from The American Heritage® Dictionary of the English Language, 4th Edition
- n. A rapid gait of a horse in which each foot strikes the ground separately; the rack. No longer in technical use.
- intransitive v. To go at the single-foot.
from the GNU version of the Collaborative International Dictionary of English
- n. An irregular gait of a horse; -- called also single-footed pace. See single, v. i.
- intransitive v. To proceed by means of the single-foot, as a horse or other quadruped.
from The Century Dictionary and Cyclopedia
- To move with the single-foot gait; rack. Also single.
- n. A gait of horses, better known as the rack. See rack.
from WordNet 3.0 Copyright 2006 by Princeton University. All rights reserved.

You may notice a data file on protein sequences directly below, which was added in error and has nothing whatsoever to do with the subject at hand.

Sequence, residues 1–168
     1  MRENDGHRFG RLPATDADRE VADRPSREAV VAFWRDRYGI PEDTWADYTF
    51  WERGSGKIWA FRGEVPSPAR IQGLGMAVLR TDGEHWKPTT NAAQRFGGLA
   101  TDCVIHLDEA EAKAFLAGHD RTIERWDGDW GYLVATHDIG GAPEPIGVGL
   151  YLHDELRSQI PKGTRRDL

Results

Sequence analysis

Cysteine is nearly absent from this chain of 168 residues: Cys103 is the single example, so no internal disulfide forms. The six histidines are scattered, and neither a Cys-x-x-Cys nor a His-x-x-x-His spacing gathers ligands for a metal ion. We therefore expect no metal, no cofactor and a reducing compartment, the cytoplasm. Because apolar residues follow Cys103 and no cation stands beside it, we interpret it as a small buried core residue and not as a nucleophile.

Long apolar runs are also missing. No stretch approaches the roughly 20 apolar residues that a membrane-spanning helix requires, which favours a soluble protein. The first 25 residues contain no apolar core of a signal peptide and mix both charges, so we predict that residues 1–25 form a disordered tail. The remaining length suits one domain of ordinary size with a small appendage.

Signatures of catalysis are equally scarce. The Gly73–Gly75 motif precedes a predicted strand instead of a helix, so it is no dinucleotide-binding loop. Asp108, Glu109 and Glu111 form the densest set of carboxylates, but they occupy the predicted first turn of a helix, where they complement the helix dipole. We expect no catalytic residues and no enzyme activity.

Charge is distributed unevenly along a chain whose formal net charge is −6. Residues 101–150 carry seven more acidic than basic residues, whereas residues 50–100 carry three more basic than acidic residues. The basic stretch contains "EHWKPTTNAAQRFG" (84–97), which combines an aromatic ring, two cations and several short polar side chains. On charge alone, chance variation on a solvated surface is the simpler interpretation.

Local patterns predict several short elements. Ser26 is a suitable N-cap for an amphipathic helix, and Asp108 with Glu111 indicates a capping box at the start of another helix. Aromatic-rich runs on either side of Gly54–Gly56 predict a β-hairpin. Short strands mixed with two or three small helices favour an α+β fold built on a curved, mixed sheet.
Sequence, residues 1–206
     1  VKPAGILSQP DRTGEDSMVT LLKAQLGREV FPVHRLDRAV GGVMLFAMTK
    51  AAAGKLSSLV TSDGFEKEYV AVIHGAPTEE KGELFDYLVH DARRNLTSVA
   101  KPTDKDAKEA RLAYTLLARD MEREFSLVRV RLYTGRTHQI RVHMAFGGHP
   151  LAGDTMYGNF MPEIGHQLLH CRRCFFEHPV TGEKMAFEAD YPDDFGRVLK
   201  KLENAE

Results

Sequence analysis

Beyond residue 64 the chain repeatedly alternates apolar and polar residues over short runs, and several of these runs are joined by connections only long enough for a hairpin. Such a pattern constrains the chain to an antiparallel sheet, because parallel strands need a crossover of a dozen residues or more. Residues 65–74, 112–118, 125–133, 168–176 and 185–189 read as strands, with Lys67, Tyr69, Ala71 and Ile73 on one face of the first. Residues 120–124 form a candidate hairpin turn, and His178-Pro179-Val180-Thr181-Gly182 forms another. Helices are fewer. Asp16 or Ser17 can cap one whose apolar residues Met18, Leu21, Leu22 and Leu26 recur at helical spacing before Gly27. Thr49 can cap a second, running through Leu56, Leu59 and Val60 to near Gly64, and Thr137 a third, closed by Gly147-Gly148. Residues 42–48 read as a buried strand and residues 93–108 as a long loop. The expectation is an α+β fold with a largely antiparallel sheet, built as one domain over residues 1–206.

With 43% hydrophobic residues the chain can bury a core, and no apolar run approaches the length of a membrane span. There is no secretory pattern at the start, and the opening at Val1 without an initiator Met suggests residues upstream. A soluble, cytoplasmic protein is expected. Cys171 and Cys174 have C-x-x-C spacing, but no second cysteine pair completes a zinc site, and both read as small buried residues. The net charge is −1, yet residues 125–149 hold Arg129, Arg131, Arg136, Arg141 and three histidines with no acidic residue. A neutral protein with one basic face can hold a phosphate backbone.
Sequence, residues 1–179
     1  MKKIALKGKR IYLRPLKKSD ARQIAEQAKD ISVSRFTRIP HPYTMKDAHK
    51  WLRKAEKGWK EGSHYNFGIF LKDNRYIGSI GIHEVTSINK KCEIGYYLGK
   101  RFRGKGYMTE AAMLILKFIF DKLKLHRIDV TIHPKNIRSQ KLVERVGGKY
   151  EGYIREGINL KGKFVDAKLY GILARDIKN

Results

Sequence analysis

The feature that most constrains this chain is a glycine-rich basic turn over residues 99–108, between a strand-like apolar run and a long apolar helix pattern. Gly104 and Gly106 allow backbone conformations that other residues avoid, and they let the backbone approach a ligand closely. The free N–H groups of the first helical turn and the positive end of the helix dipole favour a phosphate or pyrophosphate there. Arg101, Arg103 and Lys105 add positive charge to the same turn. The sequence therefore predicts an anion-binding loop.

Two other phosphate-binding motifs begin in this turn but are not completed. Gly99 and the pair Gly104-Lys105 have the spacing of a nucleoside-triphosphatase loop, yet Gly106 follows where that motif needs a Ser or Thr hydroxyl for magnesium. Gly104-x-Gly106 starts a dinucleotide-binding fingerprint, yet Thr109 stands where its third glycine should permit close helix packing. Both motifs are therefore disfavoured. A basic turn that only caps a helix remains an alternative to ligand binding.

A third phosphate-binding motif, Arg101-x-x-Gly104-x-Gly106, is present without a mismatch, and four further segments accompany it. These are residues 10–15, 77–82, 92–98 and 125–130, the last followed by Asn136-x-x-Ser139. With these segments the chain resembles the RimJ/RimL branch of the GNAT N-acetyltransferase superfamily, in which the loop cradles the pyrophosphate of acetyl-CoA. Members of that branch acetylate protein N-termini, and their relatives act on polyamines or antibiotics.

- n. a rapid gait of a horse in which each foot strikes the ground separately
- v. go at a rack
Sorry, no etymologies found.
Personally I intend to stay with gaited horses (foxtrotters are my preference but walkers or single-foot horses are just as good) for all kinds of reasons.
All she was able to plant was a little garden that she worked by hand with a single-foot plow and a hoe.
Jack nudged his horse to a single-foot and headed back toward Deadwood.
Spanish horse should; he trotted, he loped, he paced, and went single-foot, greatly to the admiration of the three spectators.
Women will cease to single-foot and learn to undulate when they walk.
They were gaited animals, with a fast jog-walk and a fine single-foot, small and well-proportioned, with tapering legs and small feet.
When he changed to a single-foot, which, fortunately for me, he often did, I was much less uncomfortable.
I have sternly refused to allow mother to ride Wyoming, on the ground that I would not have her make a martyr of herself in the shape of riding a horse with a single-foot gait, which she so openly detests.
And mixed up in it all we discussed the merits of the fox-trot versus the single-foot.
I'm behind you so much on these single-foot trails.
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